Chemistry is omnipresent. In chemical reactions, atoms are deposited in or between molecules while chemical bonds are formed and broken. These chemical bonds consist of valence electrons.
Accordingly, the motion of valence electrons is central to any chemical reaction. It should be noted that only a fraction of these valence electrons - often only a small part of the charge of an electron - actively participate in chemical reactions. And this happens extremely fast: the duration of many important chemical processes such as The first steps of vision and light collection in biological systems are only a few femtoseconds (1 femtosecond = 10-15 seconds). The recording of these chemically active valence electrons is therefore extremely demanding. First, you need a camera with excellent time and spatial resolution. Secondly, a very sensitive camera is needed, because you are not only interested in how the atoms move, but also in breaking chemical bonds and forming new bonds - and that means taking the fraction of active valence electrons that are in the ocean of all electrons move, which are bound to the atoms in molecules.
An x-ray camera easily meets the first requirement. The scattering of X-rays through matter has been an indispensable tool for the resolution of structures with atomic spatial resolution since the discovery of X-rays. Thanks to enormous technological progress, ultrashort X-ray flashes can now also be generated, which can extend the preliminary investigations by time resolution in the femtosecond range. These x-ray flashes promise to generate stroboscopic snapshots of chemical and biological processes in individual molecules.
Fulfilling the second prerequisite - sensitivity to active valence electrons - is not one of the strengths of an X-ray camera. The scattering of X-rays by molecules is always dominated by core electrons and inert valence electrons. Therefore, it is generally assumed that the small part of valence electrons, which is actively involved in chemical reactions, is lost in the total scattering signal and thus the epoch of the ultrafast rearrangement of active valence electrons by means of an X-ray camera is not possible.
Our work published in Nature Communications suggests a way to solve this challenge. Theoretically, we demonstrate a robust and effective method that allows information on chemically active valence electrons to be extracted from the X-ray scattering patterns of a single molecule - a key step in the effort to record the formation and breaking of chemical bonds in real time at atomic spatial resolution. Our work shows how the movement of chemically active valence electrons can be visualized by a combination of the routine analysis of X-ray scattering images with the additional analysis of that region of the scattering images which is limited to a relatively small momentum transfer.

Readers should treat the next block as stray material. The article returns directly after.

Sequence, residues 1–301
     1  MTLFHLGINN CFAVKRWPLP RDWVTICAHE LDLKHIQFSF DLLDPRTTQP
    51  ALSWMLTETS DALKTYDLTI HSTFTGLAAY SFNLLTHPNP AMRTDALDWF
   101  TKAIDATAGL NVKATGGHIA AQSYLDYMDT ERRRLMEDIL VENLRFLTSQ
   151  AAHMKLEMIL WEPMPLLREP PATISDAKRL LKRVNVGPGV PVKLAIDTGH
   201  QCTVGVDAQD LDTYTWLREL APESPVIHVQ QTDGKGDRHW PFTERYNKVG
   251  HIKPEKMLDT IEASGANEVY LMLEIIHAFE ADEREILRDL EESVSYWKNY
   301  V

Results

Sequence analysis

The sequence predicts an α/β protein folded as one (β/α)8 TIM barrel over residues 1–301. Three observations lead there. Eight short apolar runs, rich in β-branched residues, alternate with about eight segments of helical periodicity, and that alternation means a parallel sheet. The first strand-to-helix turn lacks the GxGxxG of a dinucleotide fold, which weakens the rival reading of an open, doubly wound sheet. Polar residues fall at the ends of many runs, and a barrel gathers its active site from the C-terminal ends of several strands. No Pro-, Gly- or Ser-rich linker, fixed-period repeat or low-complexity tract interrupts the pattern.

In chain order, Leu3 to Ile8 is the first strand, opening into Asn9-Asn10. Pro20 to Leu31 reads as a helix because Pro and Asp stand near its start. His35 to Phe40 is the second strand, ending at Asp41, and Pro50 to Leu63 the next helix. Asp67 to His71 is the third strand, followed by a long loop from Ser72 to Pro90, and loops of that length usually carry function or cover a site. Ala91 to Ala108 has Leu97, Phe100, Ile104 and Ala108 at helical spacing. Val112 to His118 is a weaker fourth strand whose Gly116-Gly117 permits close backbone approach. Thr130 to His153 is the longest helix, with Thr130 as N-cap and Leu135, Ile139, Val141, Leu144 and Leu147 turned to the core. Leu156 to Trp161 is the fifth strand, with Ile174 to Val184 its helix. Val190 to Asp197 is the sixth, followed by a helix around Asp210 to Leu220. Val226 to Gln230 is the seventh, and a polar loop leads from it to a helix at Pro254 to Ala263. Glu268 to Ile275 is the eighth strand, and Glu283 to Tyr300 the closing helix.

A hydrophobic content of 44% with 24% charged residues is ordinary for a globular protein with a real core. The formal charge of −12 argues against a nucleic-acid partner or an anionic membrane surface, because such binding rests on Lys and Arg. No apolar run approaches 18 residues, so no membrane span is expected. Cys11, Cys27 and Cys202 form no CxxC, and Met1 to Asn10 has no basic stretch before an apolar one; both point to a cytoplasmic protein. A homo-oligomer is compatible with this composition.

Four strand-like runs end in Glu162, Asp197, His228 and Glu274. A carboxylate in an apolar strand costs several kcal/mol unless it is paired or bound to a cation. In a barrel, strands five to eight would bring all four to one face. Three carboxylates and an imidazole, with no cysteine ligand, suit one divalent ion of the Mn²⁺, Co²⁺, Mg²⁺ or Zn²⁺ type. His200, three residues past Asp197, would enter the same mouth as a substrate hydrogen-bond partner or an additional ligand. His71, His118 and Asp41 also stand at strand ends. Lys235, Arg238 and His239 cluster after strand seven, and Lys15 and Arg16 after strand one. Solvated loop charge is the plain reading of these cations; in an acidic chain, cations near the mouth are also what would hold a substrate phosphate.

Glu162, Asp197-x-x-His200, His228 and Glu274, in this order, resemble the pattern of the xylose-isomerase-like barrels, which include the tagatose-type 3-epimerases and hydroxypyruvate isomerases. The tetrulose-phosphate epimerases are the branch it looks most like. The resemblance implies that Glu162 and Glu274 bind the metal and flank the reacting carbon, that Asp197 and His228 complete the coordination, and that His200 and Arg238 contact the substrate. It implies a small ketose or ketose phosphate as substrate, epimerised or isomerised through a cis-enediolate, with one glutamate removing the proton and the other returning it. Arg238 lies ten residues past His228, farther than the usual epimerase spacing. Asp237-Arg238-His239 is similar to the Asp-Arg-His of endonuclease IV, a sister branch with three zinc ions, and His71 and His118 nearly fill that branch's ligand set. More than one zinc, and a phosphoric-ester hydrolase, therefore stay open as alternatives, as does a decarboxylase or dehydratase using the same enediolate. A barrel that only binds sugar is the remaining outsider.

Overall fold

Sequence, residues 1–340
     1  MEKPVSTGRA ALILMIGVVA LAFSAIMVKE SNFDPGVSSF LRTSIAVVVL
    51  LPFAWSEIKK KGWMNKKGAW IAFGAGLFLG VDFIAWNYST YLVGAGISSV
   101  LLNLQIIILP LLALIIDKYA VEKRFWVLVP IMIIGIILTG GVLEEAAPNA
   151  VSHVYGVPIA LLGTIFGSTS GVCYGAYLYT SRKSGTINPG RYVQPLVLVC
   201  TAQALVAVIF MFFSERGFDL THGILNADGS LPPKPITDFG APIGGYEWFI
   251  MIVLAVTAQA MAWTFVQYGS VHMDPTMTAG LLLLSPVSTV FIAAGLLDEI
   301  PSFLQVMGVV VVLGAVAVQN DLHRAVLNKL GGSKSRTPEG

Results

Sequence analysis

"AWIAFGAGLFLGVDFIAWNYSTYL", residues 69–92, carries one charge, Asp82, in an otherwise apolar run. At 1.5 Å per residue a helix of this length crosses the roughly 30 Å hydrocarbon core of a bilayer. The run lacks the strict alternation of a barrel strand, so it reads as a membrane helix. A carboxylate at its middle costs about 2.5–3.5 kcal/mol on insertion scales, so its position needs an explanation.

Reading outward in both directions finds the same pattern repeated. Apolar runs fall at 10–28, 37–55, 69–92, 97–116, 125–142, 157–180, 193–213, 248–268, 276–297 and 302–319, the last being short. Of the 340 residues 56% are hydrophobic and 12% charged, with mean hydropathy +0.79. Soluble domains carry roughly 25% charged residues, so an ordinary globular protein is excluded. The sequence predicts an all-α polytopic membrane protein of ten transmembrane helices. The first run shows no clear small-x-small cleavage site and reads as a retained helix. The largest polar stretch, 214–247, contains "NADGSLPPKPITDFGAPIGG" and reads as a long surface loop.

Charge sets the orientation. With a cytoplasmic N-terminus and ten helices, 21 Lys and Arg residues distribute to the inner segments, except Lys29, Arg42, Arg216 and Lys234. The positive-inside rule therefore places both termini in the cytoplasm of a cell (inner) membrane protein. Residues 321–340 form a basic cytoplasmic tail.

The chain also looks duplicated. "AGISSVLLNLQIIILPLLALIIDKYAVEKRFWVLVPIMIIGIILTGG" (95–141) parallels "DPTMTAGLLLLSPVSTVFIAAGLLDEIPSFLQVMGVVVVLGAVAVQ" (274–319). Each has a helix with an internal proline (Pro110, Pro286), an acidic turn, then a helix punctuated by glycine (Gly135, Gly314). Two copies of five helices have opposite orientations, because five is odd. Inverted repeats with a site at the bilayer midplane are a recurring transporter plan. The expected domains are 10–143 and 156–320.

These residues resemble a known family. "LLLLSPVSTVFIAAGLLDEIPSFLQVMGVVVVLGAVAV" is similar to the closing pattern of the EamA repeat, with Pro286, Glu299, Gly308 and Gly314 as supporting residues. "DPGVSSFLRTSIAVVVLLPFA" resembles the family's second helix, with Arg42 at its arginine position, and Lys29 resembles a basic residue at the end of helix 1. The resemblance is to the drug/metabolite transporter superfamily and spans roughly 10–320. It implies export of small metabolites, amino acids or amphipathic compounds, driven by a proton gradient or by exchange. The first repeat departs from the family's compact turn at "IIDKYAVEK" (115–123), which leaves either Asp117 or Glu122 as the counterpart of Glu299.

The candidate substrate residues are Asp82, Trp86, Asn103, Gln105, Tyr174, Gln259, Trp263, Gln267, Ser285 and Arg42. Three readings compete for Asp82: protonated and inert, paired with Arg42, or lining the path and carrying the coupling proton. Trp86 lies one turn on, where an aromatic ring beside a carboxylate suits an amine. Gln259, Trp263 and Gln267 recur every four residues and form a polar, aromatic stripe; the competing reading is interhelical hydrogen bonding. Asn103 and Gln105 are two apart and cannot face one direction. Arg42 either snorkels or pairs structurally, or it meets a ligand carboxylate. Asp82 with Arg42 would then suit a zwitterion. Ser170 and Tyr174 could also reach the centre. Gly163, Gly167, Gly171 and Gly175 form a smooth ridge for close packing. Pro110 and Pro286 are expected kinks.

In addition to demonstrating how chemically active valence electrons can be captured by X-rays, the work provides experimental access to the much discussed problem of synchronous versus asynchronous bond formation and bond breaking in chemical reactions. The ultra-fast X-ray camera confirms that the answer depends on whether the atoms have enough energy to override the energy barrier that separates reactants from products, or whether the atoms need to rely on the quantum phenomenon of the tunnel through the energy barrier. In the first case we confirm a lag time between breaking old and forming new bonds. In the second case, we observe no delay: the breakage of the old and the formation of new bonds is synchronous. We hope that our work will provide new insights into the initialization and control of complex chemical and biological reactions.